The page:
Ustekinumab pharmacokinetics and exposure response in a phase 3 randomized trial of patients with ulcerative colitis

Omoniyi J. Adedokun*, Zhenhua Xu, Colleen Marano, Chris O'Brien, Philippe Szapary, Hongyan Zhang, Jewel Johanns, Rupert W. Leong, Tadakazu Hisamatsu, Gert Van Assche, Silvio Danese, Maria T. Abreu, Bruce E. Sands, William J. Sandborn

*Corresponding author for this work

Research output: Contribution to journalArticlepeer-review

48 Citations (Scopus)
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Background & Aims: The efficacy of antibody-based therapeutics depends on their pharmacokinetics. The pharmacokinetic and exposure response profiles of ustekinumab, a monoclonal antibody against interleukin 12/interleukin 23, are known in patients with Crohn's disease, yet there are few data from patients with ulcerative colitis. We characterized ustekinumab's pharmacokinetics, exposure response, and optimal serum concentrations in patients with ulcerative colitis. Methods: We collected data from 2 phase 3 trials (1 induction and 1 maintenance), in which patients with moderate to severe ulcerative colitis received an intravenous induction dose of ustekinumab (130 mg, n = 320; or approximately 6 mg/kg, n = 322). Responders were assigned randomly to groups that received subcutaneous maintenance ustekinumab (90 mg) every 8 weeks (n = 176) or 12 weeks (n = 172), or placebo (n = 175). We evaluated the association between ustekinumab concentration and efficacy, serum based on clinical effects (Mayo score), histologic features, and inflammation (measurement of C-reactive protein, fecal calprotectin, and fecal lactoferrin), as well as safety (infections, serious infections, and serious adverse events), during induction and maintenance therapy. Optimal serum concentrations of ustekinumab were identified using receiver operating characteristic curve analyses. Results: In patients with ulcerative colitis, dose-proportional serum concentrations of ustekinumab, unaffected by prior biologic or concomitant immunomodulator therapy, reached steady state by the second maintenance dose; the median trough concentration for dosing every 8 weeks was approximately 3-fold that of dosing every 12 weeks. Serum concentrations were associated with clinical and histologic features of efficacy and normalization of inflammation markers. The week-8 concentration threshold for induction of response was 3.7 μg/mL. A steady-state trough serum concentration of 1.3 μg/mL or higher was associated with a higher rate of clinical remission compared with patients who had lower serum concentrations. Serum concentrations of ustekinumab were not associated with infections, serious infections, or serious adverse events. Conclusions: In an analysis of data from 2 phase 3 trials of patients with ulcerative colitis, we found that serum concentrations of ustekinumab were proportional to dose, unaffected by prior biologic or concomitant immunomodulator therapies, associated with clinical and histologic efficacy and markers of inflammation, and were not associated with safety events at doses evaluated. Ustekinumab pharmacokinetics are consistent between patients with Crohn's disease vs ulcerative colitis.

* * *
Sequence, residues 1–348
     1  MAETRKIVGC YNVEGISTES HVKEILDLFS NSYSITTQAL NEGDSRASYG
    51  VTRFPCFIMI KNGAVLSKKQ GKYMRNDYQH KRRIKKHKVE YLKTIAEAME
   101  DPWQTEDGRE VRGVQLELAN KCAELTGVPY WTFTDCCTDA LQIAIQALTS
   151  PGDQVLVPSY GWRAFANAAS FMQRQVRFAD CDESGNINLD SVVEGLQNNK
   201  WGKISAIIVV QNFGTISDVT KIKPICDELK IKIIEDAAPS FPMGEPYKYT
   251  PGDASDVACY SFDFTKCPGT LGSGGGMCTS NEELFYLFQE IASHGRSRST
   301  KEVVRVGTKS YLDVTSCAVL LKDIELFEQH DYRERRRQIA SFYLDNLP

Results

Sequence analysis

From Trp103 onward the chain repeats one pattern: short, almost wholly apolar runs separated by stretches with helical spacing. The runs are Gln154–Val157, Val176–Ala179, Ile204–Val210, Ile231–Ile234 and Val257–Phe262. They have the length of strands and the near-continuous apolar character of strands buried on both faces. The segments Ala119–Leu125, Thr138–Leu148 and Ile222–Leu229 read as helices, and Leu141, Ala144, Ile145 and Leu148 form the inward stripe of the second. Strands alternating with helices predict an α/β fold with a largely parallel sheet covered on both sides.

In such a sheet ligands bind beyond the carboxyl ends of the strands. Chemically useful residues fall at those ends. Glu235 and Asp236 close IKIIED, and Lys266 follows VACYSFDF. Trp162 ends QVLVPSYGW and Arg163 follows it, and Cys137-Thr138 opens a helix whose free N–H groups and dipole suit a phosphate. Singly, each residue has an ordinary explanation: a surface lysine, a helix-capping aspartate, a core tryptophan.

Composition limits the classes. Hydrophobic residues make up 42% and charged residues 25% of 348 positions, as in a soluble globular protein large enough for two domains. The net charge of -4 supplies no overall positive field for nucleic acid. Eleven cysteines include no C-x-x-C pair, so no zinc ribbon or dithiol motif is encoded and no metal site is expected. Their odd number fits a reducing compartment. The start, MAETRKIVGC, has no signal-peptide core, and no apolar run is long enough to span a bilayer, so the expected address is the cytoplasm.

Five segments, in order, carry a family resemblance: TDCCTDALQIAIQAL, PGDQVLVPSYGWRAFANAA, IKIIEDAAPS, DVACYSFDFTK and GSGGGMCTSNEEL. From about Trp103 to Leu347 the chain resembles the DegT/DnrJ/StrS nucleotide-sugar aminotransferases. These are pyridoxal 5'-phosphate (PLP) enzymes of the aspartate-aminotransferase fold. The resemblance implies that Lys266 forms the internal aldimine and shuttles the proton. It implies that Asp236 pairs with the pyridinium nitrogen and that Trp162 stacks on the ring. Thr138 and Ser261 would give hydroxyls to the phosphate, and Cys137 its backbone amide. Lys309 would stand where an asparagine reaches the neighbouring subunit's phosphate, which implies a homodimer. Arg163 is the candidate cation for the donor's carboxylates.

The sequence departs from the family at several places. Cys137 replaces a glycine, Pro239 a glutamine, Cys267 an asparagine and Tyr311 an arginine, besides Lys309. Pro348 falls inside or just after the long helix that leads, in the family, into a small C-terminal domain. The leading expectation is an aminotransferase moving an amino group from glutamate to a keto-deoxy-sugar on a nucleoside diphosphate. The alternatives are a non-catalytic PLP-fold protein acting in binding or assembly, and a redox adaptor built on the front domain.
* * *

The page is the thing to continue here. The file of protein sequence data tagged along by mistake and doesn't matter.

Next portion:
Original languageEnglish
Pages (from-to)2244-2255.e9
Number of pages21
JournalClinical Gastroenterology and Hepatology
Issue number10
Publication statusPublished - 1 Sept 2020

Bibliographical note

Copyright the AGA Institute 2020. Version archived for private and non-commercial use with the permission of the author/s and according to publisher conditions. For further rights please contact the publisher.


  • Inflammatory Bowel Disease
  • Serum Concentration
  • Therapeutic Drug Monitoring
  • Treatment Optimization


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